The Kickstarter campaign for Rogue Wizards declared, “Battle creatures, collect loot, master magic, and build a Wizard Tower in a turn-based, rogue-like, dungeon-crawling, town-building RPG for PC, Mac, iOS, and Android.” Spellbind Studios delivered on most of these promises, with the arguable exception being town building. The result is an adequate, although at times bland and somewhat unbalanced, experience that seems to work best in moderate doses.
Game Name: Rogue Wizards
Platform(s): PC / Steam, Mac, iOS, Android, Amazon
Publisher(s): Spellbind Studios
Developer(s): Spellbind Studios
Release Date: Sep 27, 2016
Price: $14.99 (USD)
The stories presented in most roguelike games typically do little more than provide a loose reason for generating levels, and while Rogue Wizards’ narrative is mostly standard fantasy fare, it makes a few attempts at depth that never quite pay off. The world of Rilfanor is tied to six elemental realms of magic, and inhabited by two physically identical races. The Elam are the social elite, possess magic but forbid their women from practicing it, and host a council of wizards that governs the balance of the elemental realms, while the lower class Banlits have historically been magic-less and oppressed. An evil wizard named Hosperak has gained control of the council and is stealing power directly from the elemental realms, which is creating rifts through which monsters are passing into Rilfanor. Maugris, one of the more powerful wizards on the council, is secretly helping his granddaughter to enchant scrolls that will seek out strong magic users and draft them into a rebellion. Your character, a Banlit who actually can use magic, is found by one of these scrolls.
While themes of class and gender equality exist, they aren’t really explored. Characters discuss how they’re feeling anger or despair over their oppression and suffering, then agree with each other that things need to change, and that’s about it. With everyone in your town having similar backstories and all being almost comically eager to kill the villain, conversations start to feel repetitive pretty quickly. The story is conveyed entirely through text dialogue between characters either mid-dungeon or in town, and these patches of exposition felt like speed bumps to me when juxtaposed with gameplay where the focus lies on raiding randomized levels to mow down hordes of monsters for piles of loot.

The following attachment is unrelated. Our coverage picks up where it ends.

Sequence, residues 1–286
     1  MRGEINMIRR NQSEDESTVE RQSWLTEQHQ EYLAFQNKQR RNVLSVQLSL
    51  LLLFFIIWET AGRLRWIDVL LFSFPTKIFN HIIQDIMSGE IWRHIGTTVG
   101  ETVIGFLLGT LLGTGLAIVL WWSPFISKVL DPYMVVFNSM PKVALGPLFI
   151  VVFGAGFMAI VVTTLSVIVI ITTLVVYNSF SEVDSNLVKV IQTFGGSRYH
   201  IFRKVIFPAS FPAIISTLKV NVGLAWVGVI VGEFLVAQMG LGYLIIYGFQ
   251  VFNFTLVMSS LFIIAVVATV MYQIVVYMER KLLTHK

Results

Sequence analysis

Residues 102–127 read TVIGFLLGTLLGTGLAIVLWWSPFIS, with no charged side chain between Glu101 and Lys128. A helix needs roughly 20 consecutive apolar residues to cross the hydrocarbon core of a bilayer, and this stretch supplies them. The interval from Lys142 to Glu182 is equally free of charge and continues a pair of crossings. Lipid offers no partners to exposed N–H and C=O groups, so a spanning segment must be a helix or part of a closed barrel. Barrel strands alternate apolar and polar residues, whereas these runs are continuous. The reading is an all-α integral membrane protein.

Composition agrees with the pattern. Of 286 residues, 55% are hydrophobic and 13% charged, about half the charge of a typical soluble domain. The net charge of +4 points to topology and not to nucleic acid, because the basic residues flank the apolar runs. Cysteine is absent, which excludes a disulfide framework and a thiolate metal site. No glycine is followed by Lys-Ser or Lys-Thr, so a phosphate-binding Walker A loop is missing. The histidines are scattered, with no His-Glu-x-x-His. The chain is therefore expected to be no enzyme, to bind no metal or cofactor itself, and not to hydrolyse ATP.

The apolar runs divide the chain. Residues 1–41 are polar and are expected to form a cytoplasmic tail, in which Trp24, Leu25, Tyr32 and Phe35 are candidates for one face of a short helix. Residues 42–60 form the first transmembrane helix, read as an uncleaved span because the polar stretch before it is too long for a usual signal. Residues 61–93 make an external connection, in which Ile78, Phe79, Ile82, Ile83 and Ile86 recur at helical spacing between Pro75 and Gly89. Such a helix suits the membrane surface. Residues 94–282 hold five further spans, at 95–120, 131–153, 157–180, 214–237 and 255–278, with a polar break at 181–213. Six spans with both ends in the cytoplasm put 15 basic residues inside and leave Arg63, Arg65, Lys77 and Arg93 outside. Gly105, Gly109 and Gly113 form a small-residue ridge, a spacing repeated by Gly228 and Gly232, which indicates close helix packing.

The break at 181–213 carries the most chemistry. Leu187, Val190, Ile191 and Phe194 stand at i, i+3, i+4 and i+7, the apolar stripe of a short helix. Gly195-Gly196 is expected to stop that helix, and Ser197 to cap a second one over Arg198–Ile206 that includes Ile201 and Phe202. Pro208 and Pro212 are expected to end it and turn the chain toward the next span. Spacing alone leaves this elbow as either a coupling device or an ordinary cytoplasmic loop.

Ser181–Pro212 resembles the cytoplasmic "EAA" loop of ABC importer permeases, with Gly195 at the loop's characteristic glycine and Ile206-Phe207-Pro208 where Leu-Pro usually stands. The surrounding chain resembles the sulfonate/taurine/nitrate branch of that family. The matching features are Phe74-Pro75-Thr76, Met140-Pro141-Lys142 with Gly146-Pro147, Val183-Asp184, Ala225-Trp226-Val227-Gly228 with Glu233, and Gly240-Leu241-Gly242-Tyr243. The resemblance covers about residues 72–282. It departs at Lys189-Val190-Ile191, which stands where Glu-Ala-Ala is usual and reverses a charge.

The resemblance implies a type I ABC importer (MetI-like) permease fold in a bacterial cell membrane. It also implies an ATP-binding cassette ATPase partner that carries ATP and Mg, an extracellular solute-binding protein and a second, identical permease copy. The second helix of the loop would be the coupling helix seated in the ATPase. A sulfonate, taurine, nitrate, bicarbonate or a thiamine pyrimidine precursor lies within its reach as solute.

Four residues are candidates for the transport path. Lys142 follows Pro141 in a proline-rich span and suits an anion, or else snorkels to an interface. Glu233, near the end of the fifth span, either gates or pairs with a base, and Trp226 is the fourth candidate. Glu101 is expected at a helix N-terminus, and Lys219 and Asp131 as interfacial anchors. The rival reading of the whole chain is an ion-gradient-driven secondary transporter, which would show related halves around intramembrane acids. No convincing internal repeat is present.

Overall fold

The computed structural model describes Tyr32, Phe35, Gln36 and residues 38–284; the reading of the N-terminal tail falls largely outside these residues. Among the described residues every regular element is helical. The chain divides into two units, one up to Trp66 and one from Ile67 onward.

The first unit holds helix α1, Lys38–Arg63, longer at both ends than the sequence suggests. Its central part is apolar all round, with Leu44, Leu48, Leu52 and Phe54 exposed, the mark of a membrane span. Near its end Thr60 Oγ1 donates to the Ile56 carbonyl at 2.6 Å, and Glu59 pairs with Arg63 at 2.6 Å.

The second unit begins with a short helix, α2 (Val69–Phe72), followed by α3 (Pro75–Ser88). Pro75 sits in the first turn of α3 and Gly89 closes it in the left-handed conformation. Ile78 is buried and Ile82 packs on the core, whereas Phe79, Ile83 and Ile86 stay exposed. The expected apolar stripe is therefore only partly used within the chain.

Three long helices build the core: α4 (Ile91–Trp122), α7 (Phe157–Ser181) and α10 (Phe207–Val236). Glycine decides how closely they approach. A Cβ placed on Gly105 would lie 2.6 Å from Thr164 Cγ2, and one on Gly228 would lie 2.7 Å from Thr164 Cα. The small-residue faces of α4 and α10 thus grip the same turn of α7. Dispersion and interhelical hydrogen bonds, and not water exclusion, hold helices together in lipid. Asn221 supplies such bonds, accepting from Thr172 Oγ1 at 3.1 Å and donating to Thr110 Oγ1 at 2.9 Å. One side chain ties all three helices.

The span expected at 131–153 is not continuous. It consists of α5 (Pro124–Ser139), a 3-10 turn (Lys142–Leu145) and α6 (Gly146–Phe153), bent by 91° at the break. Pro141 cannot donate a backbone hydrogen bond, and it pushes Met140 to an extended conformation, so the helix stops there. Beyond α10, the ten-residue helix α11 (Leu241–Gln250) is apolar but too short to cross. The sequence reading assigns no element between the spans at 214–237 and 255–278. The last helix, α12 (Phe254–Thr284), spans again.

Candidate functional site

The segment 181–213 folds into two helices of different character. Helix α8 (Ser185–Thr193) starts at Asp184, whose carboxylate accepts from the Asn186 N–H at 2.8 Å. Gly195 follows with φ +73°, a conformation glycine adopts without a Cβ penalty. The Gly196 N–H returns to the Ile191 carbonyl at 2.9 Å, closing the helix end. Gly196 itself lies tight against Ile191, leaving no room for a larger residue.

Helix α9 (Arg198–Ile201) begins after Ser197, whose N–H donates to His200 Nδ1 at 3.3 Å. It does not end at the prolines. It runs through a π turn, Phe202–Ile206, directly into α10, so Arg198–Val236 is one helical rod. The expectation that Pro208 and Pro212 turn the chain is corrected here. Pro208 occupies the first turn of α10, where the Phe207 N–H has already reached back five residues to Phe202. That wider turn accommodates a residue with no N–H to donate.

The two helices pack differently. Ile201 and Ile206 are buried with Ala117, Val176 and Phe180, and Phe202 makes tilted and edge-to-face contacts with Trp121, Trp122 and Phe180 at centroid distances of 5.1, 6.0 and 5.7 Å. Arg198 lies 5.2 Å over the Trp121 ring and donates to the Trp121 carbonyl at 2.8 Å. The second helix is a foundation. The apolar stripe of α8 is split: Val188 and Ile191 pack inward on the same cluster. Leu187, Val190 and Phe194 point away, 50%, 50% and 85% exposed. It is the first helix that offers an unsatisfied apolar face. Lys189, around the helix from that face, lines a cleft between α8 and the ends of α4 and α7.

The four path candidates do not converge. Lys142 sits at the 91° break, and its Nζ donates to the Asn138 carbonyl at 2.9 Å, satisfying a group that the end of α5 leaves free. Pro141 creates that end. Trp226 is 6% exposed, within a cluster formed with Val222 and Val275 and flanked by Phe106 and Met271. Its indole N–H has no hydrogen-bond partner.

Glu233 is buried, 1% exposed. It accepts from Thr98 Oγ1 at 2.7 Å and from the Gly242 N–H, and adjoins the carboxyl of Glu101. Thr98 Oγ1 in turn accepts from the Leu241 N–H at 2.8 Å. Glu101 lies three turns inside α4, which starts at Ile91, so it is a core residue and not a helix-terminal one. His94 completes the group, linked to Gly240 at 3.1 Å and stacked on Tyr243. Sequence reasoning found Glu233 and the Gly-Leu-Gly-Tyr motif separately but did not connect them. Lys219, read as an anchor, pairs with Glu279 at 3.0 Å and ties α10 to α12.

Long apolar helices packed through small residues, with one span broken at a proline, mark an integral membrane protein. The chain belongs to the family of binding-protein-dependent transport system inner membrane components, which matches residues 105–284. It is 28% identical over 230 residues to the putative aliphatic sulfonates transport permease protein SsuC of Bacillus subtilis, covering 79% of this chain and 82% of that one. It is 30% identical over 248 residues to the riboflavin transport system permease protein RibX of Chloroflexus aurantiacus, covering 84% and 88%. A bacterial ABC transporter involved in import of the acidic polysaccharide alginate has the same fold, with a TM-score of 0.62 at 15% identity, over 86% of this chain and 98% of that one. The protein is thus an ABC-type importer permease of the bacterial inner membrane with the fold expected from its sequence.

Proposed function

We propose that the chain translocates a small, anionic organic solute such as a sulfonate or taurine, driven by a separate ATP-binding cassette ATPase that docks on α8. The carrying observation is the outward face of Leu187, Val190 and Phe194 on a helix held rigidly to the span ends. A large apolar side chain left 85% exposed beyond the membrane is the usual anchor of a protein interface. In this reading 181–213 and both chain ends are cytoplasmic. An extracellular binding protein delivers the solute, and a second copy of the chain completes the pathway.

Rogue Wizards offers a Story mode, where dying will return you to your hub town and you can continue the ongoing campaign, and a Gauntlet mode, where you fight through an endless dungeon and death is permanent. General gameplay falls somewhere between Diablo and Heroes of Might and Magic; you’ll crawl randomly-generated dungeons from an isometric viewpoint, collecting treasure by opening chests and killing enemies in turn-based battle. Combat isn’t particularly complex, and exploration mostly involves walking from room to room until you find stairs to the next floor or the boss, making for an experience that becomes monotonous after a while. Fortunately, dungeons usually took about an hour each to complete, which ended up being as long as I could spend with the game before needing a break (this probably works out a little better on mobile platforms where players are more likely to have shorter play sessions). Each of the game’s monsters correspond with one of the six elements of magic, and campaign progression requires that you kill enough monsters of a particular element to open its ‘rift’ dungeon, meaning that you’ll have to run through several dungeons per element before gaining access to the final level and bosses. My playthrough clocked in at a little over seventeen hours.